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Folkens v. Wyland Worldwide, LLC

United States Court of Appeals, Ninth Circuit

February 2, 2018

Pieter A. Folkens, DBA A Higher Porpoise Design Group, Plaintiff-Appellant,
v.
Wyland Worldwide, LLC, a California Corporation; Wyland Galleries, Inc., a California Corporation; Signature Gallery Group, Inc., DBA Wyland Galleries, a Nevada Corporation; (NFN) Wyland, AKA Robert Thomas Wyland, Defendants-Appellees.

          Argued and Submitted November 14, 2017 San Francisco, California

         Appeal from the United States District Court for the Eastern District of California John A. Mendez, District Judge, Presiding D.C. No. 2:14-cv-02197-JAM-CKD

          Geoffrey Wm. Steele (argued), Karl Folkens, Scott D. Reep, and Stephen Gizzi, Gizzi Reep Foley, Benicia, California, for Plaintiff-Appellant.

          Marc Dale Risman (argued), Henderson, Nevada, for Defendants-Appellees.

          Before: Ronald M. Gould and Mary H. Murguia, Circuit Judges, and James E. Gritzner, [*] District Judge.

         SUMMARY [**]

         Copyright

         The panel affirmed the district court's summary judgment in favor of the defendant in an action under the Copyright Act.

         The plaintiff alleged that the defendant infringed on his pen and ink depiction of two dolphins crossing underwater. Applying the objective extrinsic test for substantial similarity, the panel held that this depiction was an idea that was found first in nature and was not a protectable element. Because the only area of commonality between the parties' works was an element first found in nature, expressing ideas that nature has already expressed for all, the district court properly granted summary judgment.

          OPINION

          GOULD, Circuit Judge:

         Plaintiff Peter A. Folkens ("Folkens") alleges that Defendant Robert T. Wyland ("Wyland") infringed on his pen and ink depiction of two dolphins crossing underwater. Folkens contends that Wyland's depiction of an underwater scene infringes on his drawing by copying the crossing dolphins, and that the similar element of two dolphins crossing underwater is protectable under copyright law, entitling him to proceed to trial on the issue of whether Wyland's painting violates his copyright. We consider whether two dolphins crossing underwater is a protectable element under the objective standard of this Court's extrinsic test for substantial similarity. We hold that the depiction of two dolphins crossing underwater in this case is an idea that is found first in nature and is not a protectable element. We note, as we did in Satava v. Lowry, 323 F.3d 805 (9th Cir. 2003), that a collection of unprotectable elements-pose, attitude, gesture, muscle structure, facial expression, coat, and texture-may earn "thin copyright" protection that extends to situations where many parts of the work are present in another work. But when, as here, the only areas of commonality are elements first found in nature, expressing ideas that nature has already expressed for all, a court need not permit the case to go to a trier of fact. We affirm the district court.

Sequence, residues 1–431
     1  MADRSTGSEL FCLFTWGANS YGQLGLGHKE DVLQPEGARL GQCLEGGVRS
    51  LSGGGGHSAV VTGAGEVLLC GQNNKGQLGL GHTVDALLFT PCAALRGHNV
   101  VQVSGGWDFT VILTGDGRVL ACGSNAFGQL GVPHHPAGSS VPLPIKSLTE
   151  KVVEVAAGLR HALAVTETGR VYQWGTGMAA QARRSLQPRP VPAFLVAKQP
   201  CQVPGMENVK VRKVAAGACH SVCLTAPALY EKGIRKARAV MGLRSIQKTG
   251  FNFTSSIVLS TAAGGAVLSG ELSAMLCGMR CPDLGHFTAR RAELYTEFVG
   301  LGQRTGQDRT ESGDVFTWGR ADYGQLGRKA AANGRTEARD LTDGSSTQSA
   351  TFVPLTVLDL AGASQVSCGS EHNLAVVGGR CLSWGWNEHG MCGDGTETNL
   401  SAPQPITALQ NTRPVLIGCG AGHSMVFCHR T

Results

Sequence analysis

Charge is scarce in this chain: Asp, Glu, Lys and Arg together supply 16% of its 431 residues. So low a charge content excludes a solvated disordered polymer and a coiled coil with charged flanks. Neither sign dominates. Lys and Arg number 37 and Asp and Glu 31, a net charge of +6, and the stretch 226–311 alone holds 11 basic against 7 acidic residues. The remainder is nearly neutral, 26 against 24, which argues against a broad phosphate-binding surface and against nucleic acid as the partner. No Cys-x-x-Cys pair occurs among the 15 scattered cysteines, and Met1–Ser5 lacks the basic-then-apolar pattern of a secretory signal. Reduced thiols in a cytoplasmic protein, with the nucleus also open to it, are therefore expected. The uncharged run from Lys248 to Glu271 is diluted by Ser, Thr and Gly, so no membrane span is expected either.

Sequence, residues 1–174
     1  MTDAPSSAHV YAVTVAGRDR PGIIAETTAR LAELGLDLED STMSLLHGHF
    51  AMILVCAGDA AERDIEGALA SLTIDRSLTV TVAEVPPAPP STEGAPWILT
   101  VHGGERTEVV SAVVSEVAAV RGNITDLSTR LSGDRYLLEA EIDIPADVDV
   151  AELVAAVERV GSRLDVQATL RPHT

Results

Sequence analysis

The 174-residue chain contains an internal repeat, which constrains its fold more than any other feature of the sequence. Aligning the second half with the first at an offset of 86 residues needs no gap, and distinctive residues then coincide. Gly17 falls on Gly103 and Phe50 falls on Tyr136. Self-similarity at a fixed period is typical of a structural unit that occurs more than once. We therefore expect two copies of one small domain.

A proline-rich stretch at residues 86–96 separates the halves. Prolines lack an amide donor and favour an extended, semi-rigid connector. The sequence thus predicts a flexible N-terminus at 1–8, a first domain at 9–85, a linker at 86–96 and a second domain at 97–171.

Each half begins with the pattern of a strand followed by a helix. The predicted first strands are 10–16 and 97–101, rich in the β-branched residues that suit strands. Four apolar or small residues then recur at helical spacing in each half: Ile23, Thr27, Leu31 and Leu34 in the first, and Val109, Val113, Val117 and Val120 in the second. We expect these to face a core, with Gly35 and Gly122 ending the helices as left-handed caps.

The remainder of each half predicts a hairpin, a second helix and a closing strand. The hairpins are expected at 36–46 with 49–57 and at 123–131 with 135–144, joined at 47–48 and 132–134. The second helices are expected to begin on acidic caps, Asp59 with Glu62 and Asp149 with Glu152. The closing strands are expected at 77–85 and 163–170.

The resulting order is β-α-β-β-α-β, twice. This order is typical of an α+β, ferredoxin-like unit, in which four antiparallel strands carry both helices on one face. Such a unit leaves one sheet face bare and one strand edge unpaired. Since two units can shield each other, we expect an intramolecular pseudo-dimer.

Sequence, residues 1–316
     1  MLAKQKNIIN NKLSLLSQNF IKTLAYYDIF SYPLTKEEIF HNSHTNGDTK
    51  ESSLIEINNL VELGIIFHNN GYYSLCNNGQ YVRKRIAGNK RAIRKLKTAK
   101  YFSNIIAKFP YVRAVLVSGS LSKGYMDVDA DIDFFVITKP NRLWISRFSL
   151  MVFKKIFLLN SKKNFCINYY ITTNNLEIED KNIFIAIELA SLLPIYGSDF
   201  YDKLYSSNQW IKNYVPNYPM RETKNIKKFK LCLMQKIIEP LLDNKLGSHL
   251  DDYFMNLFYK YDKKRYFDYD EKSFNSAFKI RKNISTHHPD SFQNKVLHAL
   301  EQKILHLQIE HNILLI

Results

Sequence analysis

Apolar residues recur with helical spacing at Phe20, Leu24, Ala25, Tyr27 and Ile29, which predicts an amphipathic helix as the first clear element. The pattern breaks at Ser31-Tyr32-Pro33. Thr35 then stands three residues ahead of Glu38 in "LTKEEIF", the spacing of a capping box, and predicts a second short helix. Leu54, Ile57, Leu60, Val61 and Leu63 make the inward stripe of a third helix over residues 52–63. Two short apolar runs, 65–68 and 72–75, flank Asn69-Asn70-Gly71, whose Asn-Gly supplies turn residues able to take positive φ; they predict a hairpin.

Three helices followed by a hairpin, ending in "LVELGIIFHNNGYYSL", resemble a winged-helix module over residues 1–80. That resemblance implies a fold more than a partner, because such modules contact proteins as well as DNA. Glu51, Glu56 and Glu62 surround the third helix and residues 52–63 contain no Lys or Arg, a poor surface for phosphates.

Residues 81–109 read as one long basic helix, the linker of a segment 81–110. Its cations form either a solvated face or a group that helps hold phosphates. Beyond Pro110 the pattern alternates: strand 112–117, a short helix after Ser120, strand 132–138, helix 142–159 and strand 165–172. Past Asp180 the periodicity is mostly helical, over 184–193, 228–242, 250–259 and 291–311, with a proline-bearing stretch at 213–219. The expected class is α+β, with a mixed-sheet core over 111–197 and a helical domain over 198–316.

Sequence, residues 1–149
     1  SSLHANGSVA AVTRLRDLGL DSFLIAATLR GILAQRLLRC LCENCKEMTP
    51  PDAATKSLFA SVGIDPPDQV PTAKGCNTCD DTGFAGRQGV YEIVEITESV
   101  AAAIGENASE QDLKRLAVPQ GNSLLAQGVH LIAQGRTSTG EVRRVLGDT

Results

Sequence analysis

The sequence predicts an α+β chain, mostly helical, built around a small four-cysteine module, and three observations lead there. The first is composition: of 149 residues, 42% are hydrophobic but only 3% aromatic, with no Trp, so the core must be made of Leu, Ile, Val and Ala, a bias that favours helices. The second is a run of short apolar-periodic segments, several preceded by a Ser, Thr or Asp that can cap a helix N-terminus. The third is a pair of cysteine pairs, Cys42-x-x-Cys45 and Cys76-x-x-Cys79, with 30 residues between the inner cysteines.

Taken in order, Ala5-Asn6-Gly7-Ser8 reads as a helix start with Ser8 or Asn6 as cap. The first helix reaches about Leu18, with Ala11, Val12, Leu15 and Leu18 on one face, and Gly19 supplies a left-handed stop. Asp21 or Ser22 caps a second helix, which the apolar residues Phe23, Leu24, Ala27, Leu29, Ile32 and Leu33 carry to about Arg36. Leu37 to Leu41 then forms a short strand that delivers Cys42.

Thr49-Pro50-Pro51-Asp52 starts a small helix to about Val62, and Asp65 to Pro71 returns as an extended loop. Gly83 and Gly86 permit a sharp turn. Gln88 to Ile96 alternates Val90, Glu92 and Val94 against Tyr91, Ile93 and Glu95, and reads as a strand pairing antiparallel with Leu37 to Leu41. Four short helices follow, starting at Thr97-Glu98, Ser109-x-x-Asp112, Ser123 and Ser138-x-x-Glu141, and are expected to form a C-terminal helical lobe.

I

         A

         Folkens states he is a "world-renowned wildlife artist, illustrator, photographer, researcher, and author best known for his work in the field of marine mammals." He is the author and copyright owner of a pen and ink illustration titled "Two Tursiops Truncatus" also known as "Two Dolphins, " which he created in 1979. Two Dolphins is a black and white depiction of two dolphins crossing each other, one swimming vertically and the other swimming horizontally. No other subjects ...


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